Unortho­dox Kin: Por­tuguese Mar­ra­nos and the Glob­al Search for Belonging

Nao­mi Leite
  • From the Publisher
December 21, 2017

Unortho­dox Kin is a ground­break­ing explo­ration of iden­ti­ty, relat­ed­ness, and belong­ing in a glob­al era. In urban Por­tu­gal today, hun­dreds of indi­vid­u­als trace their ances­try to 15th cen­tu­ry Jews forcibly con­vert­ed to Catholi­cism, and many now seek to rejoin the Jew­ish peo­ple as a whole. For the most part, how­ev­er, these self-titled Mar­ra­nos (“hid­den Jews”) lack any direct expe­ri­ence of Jews or Judaism, and Por­tu­gal’s tiny, tight­ly knit Jew­ish com­mu­ni­ty offers no clear path of entry. Accord­ing to Jew­ish law, to be rec­og­nized as a Jew one must be born to a Jew­ish moth­er or pur­sue reli­gious con­ver­sion, an anath­e­ma to those who feel their ances­tors’ Judaism was cru­el­ly stolen from them. After cen­turies of famil­ial Catholi­cism, and hav­ing been refused inclu­sion local­ly, how will these self-declared ances­tral Jews find belong­ing among the Jew­ish fam­i­ly,” writ large? How, that is, can peo­ple reject­ed as strangers face-to-face become mem­bers of a glob­al imag­ined com­mu­ni­ty — not only rhetor­i­cal­ly, but experientially?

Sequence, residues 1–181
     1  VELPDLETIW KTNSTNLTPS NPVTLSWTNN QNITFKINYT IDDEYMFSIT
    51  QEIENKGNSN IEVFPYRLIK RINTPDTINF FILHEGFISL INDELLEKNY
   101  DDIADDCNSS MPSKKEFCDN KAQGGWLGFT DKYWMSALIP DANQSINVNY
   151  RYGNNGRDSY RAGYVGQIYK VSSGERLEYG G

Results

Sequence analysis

Leite address­es this ques­tion through inti­mate por­traits of the lives and expe­ri­ences of a net­work of urban Mar­ra­nos who sought con­tact with for­eign Jew­ish tourists and out­reach work­ers as a means of gain­ing edu­ca­tion­al and moral sup­port in their quest. Explor­ing mutu­al imag­in­ings and direct encoun­ters between Mar­ra­nos, Por­tuguese Jews, and for­eign Jew­ish vis­i­tors, Unortho­dox Kin deft­ly tracks how visions of self and kin evolve over time and across social spaces, end­ing in an unex­pect­ed path to belong­ing. In the process, the analy­sis weaves togeth­er a diverse set of cur­rent anthro­po­log­i­cal themes, from inter­sub­jec­tiv­i­ty to inter­na­tion­al tourism, class struc­tures to the con­struc­tion of iden­ti­ty, cul­tur­al log­ics of relat­ed­ness to tran­scul­tur­al com­mu­ni­ca­tion. A com­pelling evo­ca­tion of how ideas of ances­try shape the present, how feel­ings of kin­ship arise among far-flung strangers, and how some find mys­ti­cal con­nec­tion in a world said to be dis­en­chant­ed, Unortho­dox Kin is a mod­el study for anthro­pol­o­gy today.

This acclaimed book will appeal to a wide audi­ence inter­est­ed in anthro­pol­o­gy, soci­ol­o­gy, and reli­gious stud­ies. Its acces­si­ble, nar­ra­tive-dri­ven style makes it espe­cial­ly well-suit­ed for intro­duc­to­ry and advanced cours­es in gen­er­al cul­tur­al anthro­pol­o­gy, ethnog­ra­phy, the­o­ries of iden­ti­ty and social cat­e­go­riza­tion, and the study of glob­al­iza­tion, kin­ship, tourism, and religion.

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